Easterbrook on Dawkins — @Beliefnet.com

— This old (2001) article by Gregg Easterbrook at Beliefnet.com attempts to refute Dawkins.
But apparently Easterbrook expects his audience to be so ignorant as to be convinced by a primarily and unabashedly ad hominem argument:
“Which brings us to the first problem with Dawkins’s positions: he is arrogant.”
…Oh well (sigh) what else?
next we have the ignorant belief in human coexistence with dinosaurs attributed to offense at the mean and nasty arrogant biologists as opposed to the apparently much nicer and humbler physicists so that “Americans overwhelmingly accept many findings of modern research, such as the theories of relativity and of cosmic expansion” – which,of course they should not! (not because they are wrong, but because the “acceptance” is based purely on faith and not one whit of genuine understanding)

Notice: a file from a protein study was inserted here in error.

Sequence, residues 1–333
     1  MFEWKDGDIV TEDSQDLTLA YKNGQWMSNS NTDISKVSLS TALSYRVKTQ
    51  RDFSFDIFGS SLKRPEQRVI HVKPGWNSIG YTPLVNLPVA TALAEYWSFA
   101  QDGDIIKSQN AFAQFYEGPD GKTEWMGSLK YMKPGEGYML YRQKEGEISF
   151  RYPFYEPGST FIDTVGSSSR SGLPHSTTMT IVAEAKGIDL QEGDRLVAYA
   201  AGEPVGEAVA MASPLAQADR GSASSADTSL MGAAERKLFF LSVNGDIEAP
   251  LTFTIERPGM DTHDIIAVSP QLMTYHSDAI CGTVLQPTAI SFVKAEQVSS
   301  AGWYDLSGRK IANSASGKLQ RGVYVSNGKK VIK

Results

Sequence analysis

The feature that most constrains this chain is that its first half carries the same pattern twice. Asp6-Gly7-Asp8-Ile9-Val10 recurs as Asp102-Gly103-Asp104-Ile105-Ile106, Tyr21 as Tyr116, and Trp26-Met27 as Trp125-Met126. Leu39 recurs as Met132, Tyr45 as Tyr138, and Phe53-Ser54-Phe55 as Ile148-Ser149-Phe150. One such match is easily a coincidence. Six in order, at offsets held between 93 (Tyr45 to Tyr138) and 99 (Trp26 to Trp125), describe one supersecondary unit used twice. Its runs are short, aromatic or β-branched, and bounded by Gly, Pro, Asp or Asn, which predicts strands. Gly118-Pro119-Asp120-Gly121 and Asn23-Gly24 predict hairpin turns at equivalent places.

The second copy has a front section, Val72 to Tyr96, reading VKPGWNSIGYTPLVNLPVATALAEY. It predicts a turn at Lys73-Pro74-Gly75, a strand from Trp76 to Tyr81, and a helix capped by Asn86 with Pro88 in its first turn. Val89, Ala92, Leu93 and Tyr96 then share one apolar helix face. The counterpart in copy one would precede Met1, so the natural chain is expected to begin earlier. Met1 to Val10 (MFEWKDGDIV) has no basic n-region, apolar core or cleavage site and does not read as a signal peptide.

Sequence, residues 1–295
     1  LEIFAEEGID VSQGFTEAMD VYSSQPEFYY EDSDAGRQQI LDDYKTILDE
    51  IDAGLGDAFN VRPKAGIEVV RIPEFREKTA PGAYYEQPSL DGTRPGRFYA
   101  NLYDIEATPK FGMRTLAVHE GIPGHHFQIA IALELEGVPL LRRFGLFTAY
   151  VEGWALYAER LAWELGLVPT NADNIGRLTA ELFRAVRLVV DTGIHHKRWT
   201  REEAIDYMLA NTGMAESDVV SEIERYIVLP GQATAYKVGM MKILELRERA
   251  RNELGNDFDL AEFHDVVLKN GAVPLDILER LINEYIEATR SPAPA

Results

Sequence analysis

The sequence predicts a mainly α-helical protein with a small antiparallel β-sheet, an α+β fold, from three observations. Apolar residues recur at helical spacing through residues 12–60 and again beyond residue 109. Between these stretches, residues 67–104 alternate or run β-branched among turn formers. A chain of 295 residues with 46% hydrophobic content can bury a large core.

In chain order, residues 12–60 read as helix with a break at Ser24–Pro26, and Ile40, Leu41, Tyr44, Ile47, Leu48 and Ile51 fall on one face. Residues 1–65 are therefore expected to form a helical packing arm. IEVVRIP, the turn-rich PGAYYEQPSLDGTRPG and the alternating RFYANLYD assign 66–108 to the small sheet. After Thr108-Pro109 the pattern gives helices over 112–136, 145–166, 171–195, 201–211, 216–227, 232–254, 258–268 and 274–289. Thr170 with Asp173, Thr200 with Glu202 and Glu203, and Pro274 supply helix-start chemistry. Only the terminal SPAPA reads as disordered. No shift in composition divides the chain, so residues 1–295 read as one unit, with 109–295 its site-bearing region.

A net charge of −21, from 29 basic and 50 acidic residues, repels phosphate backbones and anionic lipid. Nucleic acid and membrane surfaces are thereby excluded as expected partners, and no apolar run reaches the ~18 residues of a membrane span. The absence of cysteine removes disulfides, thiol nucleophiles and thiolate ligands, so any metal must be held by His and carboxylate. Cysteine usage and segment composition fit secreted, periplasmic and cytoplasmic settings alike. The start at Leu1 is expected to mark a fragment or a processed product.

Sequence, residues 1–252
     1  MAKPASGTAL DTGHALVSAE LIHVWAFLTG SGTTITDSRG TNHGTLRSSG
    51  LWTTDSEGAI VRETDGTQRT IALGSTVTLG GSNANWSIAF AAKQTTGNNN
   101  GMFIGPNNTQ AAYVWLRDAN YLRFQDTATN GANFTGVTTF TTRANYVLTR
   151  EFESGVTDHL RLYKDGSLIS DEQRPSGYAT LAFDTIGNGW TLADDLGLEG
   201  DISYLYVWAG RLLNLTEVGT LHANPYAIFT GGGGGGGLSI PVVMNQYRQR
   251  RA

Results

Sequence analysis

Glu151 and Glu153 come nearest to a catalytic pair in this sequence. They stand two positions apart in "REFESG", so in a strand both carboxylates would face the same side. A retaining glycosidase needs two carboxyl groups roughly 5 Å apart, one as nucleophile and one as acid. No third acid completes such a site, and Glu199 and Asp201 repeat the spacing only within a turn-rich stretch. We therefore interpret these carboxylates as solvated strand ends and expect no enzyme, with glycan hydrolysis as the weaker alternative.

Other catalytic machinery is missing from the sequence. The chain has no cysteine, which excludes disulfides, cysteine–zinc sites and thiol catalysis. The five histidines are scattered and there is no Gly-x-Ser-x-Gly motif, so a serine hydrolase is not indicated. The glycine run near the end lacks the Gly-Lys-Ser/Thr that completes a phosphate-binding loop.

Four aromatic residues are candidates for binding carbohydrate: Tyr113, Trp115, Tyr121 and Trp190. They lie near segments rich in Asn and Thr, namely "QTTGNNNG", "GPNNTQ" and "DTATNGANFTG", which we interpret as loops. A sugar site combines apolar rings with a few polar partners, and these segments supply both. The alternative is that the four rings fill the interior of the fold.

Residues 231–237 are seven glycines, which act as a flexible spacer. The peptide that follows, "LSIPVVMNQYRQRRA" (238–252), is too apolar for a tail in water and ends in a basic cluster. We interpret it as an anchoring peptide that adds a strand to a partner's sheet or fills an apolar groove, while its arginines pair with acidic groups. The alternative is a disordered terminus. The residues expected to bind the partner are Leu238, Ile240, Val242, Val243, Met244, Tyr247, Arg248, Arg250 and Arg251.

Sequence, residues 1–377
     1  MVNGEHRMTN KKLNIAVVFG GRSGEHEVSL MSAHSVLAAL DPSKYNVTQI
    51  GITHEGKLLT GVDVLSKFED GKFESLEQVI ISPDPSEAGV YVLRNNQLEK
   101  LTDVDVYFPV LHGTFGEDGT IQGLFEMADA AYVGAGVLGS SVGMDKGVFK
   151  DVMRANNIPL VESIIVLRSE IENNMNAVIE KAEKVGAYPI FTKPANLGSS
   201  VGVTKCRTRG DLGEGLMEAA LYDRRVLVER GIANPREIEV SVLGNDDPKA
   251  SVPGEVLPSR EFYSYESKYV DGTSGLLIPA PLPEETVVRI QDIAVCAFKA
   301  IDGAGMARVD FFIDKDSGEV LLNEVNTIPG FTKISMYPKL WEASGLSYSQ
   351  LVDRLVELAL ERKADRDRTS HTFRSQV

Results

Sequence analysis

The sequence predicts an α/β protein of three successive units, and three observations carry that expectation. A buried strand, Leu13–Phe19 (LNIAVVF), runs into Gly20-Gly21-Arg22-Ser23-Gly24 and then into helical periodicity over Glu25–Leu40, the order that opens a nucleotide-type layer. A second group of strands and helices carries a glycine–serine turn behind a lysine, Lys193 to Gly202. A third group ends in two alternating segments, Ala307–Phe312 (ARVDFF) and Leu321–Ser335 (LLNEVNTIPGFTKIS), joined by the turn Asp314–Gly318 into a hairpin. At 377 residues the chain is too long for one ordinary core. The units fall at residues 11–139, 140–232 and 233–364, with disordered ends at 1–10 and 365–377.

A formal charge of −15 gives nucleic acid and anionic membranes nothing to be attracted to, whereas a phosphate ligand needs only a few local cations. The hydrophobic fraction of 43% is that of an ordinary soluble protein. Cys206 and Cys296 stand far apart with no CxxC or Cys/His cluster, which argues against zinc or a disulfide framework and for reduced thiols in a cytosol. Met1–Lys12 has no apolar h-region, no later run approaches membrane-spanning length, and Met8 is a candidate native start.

what next?
There’s a claim that Dawkins’s estimate of the extent and impact of fundamentalist influence in US school boards is exaggerated – debatable but irrelevant.
And a silly reference to the fact that there is not (yet) any commonly accepted scientific explanation for the origin of life. Why silly? Because lack of an explanation does not imply the impossibility of finding one and even if some things are scientifically inexplicable that does nothing to support the validity of any other proposed “explanation”.
Finally, Dawkins is accused of “insisting that people who don’t agree with him are not just wrong but ignorant, stupid, …etc”. This is false – at least in its implication that Dawkins’s scorn applies to all who disagree with him. But certainly some people really are ignorant and stupid – even willfully so, and whether or not Dawkins is impolitic in his identifications is totally irrelevant to the question of the validity of his position.

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